Why College Students Shouldn't Buy Lottery Tickets

By Lorena Roberts on March 7, 2019

Being a college student likely means you’re struggling financially. Across the country, college students are being swallowed by a mountain of student loan debt, some of which stems from paying for housing, food, transportation, etc. It’s not just textbooks and tuition that we have to worry about. Sometimes college students have a hard time imagining where their next meal is going to come from.

Because college students struggle financially, many are motivated to buy lottery tickets — especially when the pot gets hefty. But when you really stop and think about the logic of playing the lottery, it’s really not worth it. Our unrealistic optimism is what keeps us going to the register to pick out lottery tickets. However, if you’re a college student who is frequently picking up lottery tickets, you should probably think about how much money you’re spending on hoping for a win. Here are eight reasons why you shouldn’t be buying lottery tickets if you’re a college student:

via Pexels.com

1. You’re literally throwing away money.

Even if you’re only buying one lottery ticket per week, you’re still spending a significant amount of money on a monthly basis just attempting to win the lottery. You might think it’s only a couple of dollars here and there, but over time, you’re spending quite a bit of money on playing the lottery.

Just $5 on lottery tickets per week can turn into $20 per month, which is over $200 per year! Think of all the snacks and gas that $200 could buy.

If you do this over the course of four years during college, you’ve spent almost $1000 on lottery tickets. Insane.

2. The chances of winning are tiny.

They say it’s “one in a million” when it comes to your chances at winning the lottery. But it’s more like one in one-hundred million… or more.

Why waste time and money playing a game that’s likely to never come to fruition? Are you really that motivated by the possibility that winning the lottery could make you a millionaire?

3. Even if you do win, taxes will be deducted from your earnings.

Winning a large sum of money can be exhilarating. But going home with lottery winnings is significantly less than what you thought it was going to be. Taxes will take a large chunk out of your earnings. So before you get all hyped up about becoming a millionaire, remember that the government benefits from you winning the lottery as well.

4. Professionals say playing the lottery isn’t worth it.

If you ask Forbes.com, they’ll say playing the lottery isn’t worth it. There’s an entire mathematical set-up for weighing your options — should you play; how much should you spend on a ticket; what are your chances; how much money will you actually go home with… etc.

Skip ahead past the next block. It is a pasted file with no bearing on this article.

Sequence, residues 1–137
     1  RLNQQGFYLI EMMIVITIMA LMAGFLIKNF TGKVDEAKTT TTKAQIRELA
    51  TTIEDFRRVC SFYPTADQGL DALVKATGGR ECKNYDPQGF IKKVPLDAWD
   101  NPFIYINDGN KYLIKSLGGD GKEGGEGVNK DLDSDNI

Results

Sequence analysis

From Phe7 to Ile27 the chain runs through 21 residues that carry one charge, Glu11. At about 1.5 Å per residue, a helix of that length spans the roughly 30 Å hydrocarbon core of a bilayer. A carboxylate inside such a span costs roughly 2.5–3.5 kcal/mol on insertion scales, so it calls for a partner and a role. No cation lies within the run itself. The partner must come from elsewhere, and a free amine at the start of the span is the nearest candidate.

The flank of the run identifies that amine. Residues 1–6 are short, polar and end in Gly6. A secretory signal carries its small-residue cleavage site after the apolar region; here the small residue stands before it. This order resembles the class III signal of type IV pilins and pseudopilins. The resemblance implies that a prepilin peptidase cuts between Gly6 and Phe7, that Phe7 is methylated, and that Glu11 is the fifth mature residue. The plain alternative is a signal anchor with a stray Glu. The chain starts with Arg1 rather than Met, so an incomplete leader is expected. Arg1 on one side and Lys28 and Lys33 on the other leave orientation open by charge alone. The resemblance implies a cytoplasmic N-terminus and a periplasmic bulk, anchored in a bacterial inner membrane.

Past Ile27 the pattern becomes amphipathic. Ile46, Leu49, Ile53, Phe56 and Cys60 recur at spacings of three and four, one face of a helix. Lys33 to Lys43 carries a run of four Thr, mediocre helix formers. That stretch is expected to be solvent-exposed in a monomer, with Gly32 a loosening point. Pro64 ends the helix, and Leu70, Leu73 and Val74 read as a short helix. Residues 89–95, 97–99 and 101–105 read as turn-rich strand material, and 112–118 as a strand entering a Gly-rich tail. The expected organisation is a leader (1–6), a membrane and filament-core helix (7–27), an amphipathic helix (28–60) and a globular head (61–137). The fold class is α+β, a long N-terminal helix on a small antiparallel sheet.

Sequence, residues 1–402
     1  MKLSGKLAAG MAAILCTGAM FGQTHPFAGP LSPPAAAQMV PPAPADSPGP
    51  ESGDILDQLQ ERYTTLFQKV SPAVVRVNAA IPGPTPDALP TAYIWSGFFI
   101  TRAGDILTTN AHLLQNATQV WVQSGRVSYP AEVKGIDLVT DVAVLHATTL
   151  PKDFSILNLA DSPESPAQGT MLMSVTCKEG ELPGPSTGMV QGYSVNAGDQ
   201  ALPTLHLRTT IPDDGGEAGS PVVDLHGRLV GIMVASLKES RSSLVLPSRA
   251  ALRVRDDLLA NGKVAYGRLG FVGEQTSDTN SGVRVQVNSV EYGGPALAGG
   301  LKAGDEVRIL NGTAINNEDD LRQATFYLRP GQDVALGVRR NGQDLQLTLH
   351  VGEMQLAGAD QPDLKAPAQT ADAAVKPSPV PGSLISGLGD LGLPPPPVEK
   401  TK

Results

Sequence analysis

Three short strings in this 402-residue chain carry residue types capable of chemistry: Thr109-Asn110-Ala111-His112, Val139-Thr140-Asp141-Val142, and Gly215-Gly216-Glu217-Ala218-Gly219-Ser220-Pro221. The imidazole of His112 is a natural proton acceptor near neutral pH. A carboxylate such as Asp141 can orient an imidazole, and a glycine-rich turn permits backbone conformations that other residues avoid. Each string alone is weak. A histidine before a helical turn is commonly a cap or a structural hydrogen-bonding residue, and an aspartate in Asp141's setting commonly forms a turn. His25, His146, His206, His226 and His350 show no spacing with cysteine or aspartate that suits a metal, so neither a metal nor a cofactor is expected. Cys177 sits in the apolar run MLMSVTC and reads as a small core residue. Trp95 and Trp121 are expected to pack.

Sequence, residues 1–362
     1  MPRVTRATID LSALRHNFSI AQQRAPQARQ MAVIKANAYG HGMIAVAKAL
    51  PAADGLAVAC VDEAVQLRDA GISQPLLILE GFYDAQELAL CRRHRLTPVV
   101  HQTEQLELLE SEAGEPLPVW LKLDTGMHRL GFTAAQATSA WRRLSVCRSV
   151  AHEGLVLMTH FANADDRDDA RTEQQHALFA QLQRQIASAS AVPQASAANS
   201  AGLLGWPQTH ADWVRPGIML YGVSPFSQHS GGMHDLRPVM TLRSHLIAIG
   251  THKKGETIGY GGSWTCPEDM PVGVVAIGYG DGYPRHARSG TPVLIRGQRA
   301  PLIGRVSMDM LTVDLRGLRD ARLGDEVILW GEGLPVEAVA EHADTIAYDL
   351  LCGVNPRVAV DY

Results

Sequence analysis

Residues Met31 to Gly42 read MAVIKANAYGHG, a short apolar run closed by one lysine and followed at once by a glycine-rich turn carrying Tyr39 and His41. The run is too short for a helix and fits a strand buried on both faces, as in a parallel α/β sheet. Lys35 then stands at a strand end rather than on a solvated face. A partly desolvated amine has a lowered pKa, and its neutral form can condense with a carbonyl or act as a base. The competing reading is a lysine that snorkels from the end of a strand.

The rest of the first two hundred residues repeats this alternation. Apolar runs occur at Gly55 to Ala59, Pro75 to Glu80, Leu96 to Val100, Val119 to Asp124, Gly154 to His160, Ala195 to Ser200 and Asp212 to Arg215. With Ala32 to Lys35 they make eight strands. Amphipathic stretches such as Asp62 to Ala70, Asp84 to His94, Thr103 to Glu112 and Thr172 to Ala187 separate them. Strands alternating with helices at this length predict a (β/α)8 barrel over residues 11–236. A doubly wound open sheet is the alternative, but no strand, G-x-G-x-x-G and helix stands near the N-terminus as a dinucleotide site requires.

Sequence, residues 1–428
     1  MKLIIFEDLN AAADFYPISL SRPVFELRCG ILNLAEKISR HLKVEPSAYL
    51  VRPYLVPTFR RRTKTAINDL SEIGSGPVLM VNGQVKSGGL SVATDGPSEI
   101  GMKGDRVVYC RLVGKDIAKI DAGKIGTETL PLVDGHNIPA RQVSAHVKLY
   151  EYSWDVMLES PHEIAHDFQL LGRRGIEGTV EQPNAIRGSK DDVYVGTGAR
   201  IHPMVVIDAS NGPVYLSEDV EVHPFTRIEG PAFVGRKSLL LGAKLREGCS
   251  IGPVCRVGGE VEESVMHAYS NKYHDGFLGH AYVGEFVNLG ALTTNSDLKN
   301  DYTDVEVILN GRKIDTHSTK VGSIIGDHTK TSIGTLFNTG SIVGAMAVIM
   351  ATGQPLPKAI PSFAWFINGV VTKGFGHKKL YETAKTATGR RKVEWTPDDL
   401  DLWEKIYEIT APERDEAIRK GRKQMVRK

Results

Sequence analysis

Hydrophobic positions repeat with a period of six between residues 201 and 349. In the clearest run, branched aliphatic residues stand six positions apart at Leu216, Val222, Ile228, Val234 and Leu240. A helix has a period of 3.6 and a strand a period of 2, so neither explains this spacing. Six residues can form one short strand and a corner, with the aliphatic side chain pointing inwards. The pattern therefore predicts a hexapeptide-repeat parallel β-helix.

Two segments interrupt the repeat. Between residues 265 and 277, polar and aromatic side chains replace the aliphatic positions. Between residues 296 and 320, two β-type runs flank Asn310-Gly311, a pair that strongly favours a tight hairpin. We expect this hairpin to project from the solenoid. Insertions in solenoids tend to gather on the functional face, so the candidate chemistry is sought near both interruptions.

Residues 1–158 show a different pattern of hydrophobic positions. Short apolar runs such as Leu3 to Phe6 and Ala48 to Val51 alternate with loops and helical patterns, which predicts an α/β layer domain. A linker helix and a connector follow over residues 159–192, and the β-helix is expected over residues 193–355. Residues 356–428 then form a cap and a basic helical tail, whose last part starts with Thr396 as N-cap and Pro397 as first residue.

5. You have a better shot at winning a scholarship.

Before you start banking on winning the lottery to pay off your student debt, apply for scholarships that are available. It’s more likely that you’ll win at least some kind of departmental scholarship versus winning millions with the lottery.

Even if you only secure a small scholarship, at least it’s something. 

6. Scholarships are more readily available.

Taxes won’t be taken out of the scholarship you win for school, and it’s likely that those options are more readily available. Instead of waiting for the lottery jackpot to get big, organize your search for scholarships and sift through the ones that are available for all students.

7. Playing the lottery encourages gambling behavior.

If addiction runs in your family, gambling with the lottery can turn into an addictive behavior. If you’re actively trying to stay away from behaviors that could take you down the wrong path, I would steer clear of playing the lottery.

The mindset that you might win big releases a chemical in your brain that is incredibly addictive — especially if it runs in your family. In order to resist falling into a pattern that could be dangerous, don’t even tempt yourself by playing the lottery.

8. Lotteries target communities that aren’t educated.

College dropouts spend an average of $700 per year on lottery tickets — a substantial amount of money that accumulates over time. Playing the lottery only encourages this practice to continue. Because the thought of winning the lottery excites individuals who are struggling financially, they continue to show up to gas stations and vendors who sell tickets to try and “win big.”

If you’re a college student and you’ve been playing the lottery, it’s time to admit that your time and money is better spent elsewhere. Sometimes we get into this thought pattern of how exciting it would be to take home thousands (or hundreds of thousands) of dollars. But in reality, the likelihood of doing so is pretty small. There are much more productive ways of earning money or scholarships to fund your education, so it’s probably time you started looking into other options.

Not only is it unreasonable to think that winning the lottery is in the cards for you, you’re wasting money on buying tickets that could be paying your bills! Sure, it seems like $2 per week is a reasonable amount of money to spend on lottery tickets, but over time, that really adds up.

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